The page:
Have Your Say: The Gender Recognition Act

The 2004 Gender Recognition At (GRA) set up a process to allow transgender (trans) people “to receive legal recognition of their acquired gender” (Gov.uk, 2018). There are some who would argue that this system has flaws, and so the government is now consulting on reforming the GRA. It is important to note that this is not a proposal to reform the 2010 Equality Act, nor is it questioning the right for trans people to exist. As the consultation’s website states: “Trans and non-binary people are members of our society and should be treated with respect” (Gov.uk, 2018).

To understand whether you believe there needs to be reform, let’s look at what the current process entails.

In order to legally change their gender, a person needs to apply for a Gender Recognition Certificate. To do this, one must:

  • Be at least 18 years of age
  • Have lived for at least 2 years as their “preferred gender”
  • Have a diagnosis of gender dysphoria

Source: BBC News

The proposed changes would include lessening the bureaucracy of the process, in effect removing the medical requirement of determining gender. In short: trans people would be allowed to self-determine their gender.

Looking at different perspectives, we will take the view of Stonewall – a leading LGBT charity in the UK – and the view of feminist group #ManFriday, an anti-self-identification group in the UK.

Stonewall believe in a reformed GRA, and support reformation in the consultation.

“Stonewall supports a reformed Gender Recognition Act that:

  • Requires no medical diagnosis or presentation of evidence for trans people to get their identity legally recognised
  • Recognises non-binary identities
  • Gives all trans people, including 16 – 17-year-olds, the right to self-determination, through a much simpler and more streamlined administrative process”

Source: Stonewall

Stonewall, along with several other groups including the NUS and Amnesty International, back the reform of the GRA as they believe it will aid trans+ people in easily living as their realised gender. These groups believe that the current process – which can take up to 5 years to complete – makes life difficult for trans people, and they disagree with this.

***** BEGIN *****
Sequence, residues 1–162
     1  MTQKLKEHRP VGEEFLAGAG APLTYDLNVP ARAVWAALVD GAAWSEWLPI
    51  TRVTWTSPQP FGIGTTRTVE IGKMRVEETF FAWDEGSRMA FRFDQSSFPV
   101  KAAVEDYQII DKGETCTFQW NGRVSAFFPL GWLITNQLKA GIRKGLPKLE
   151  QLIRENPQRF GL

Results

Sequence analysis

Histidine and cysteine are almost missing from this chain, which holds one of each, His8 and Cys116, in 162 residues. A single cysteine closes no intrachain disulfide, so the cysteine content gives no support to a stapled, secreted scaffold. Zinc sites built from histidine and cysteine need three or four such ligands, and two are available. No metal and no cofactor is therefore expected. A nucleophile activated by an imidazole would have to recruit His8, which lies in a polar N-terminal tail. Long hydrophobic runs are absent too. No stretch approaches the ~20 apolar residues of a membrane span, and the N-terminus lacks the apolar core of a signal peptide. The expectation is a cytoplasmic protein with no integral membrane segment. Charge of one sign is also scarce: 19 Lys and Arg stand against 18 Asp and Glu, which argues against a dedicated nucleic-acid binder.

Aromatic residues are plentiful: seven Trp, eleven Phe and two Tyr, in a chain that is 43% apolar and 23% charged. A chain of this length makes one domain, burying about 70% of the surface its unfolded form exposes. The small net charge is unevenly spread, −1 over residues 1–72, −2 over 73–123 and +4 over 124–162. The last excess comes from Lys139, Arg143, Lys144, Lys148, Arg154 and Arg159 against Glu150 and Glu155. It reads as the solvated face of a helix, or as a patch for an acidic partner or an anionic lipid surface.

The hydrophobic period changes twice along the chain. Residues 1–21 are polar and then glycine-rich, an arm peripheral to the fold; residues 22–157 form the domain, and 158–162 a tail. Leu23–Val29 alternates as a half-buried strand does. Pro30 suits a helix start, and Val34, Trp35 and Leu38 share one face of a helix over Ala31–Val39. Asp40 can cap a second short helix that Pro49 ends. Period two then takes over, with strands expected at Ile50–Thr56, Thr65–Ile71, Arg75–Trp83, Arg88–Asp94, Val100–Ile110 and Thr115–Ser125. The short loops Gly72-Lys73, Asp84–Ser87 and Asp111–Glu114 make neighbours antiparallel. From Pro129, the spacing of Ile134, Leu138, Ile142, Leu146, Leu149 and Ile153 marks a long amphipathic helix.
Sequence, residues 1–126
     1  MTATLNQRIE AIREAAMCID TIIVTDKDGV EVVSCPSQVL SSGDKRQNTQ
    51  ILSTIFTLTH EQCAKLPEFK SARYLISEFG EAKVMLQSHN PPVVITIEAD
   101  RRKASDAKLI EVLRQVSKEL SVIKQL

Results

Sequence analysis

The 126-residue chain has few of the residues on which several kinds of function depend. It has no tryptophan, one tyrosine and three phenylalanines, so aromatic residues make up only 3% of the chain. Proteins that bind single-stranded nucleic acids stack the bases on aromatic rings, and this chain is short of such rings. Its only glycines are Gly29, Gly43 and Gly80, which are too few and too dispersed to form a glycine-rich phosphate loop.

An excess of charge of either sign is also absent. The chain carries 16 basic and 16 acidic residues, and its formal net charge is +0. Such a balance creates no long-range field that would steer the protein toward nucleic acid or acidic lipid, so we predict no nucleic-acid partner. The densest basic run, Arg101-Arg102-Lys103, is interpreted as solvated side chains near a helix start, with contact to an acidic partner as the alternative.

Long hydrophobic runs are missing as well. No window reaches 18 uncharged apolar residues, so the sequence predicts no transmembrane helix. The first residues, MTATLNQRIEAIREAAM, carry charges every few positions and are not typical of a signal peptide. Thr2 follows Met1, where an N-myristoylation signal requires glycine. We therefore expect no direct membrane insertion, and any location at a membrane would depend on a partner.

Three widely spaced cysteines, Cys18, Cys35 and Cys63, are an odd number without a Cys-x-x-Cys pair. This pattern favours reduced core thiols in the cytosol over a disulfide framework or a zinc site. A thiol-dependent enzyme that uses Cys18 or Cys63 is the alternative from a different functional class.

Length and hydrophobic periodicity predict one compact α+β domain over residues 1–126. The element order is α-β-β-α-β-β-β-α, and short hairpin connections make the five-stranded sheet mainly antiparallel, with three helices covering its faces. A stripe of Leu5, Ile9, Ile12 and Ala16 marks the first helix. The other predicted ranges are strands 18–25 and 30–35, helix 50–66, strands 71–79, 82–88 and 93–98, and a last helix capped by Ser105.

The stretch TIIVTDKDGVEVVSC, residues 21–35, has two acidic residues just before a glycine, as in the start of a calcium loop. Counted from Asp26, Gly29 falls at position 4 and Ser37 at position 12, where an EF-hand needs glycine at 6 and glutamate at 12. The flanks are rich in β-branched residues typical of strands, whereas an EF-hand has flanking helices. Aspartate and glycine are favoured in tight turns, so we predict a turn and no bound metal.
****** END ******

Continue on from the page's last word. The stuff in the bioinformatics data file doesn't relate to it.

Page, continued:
On the other hand, #ManFriday believe that self-identification of gender is a risk to women’s safety.

“Campaigning for the law to change to deny women’s biology and lived experience of sex-based violence, discrimination and indignity is wrong. Campaigning for the law to make women who talk about this experience guilty of a hate crime is misogyny.”

Source: #ManFriday

#ManFriday is a feminist group who “identify” as male on Fridays, to highlight the issues they have with self-ID in the UK. Their concerns in terms of the reformation of the GRA are centred around women’s rights, particularly the exemptions from the 2010 Equality Act that some single sex spaces are entitled to.  They also believe it undermines the identity of being female if people are allowed to self-identify.

The consultation closes October 19th at 11pm. No matter your view, it’s important to give your opinion on this potentially historic reform. By responding to this consultation, you have the chance to influence legislation that will be debated in parliament and potentially turned into law. This allows you to participate in democracy on a level above just turning out to vote in an election.

There is no wrong opinion; just have your voice heard. As young people we deserve our opinions to be represented within politics. To give your views, follow the link below. Further information on the different perspectives can be found in the extra information section below.

Have your voice heard: 

https://consult.education.gov.uk/government-equalities-office/reform-of-the-gender-recognition-act/

Extra information:

For reform 

https://www.stonewall.org.uk/gender-recognition-act

https://www.nus.org.uk/en/take-action/liberation-campaigns/gra/

Against Reform 

https://manfridayuk.org/

https://sarahditum.com/2017/07/24/some-thoughts-on-reforms-to-the-gender-recognition-act/

By Eli Hill

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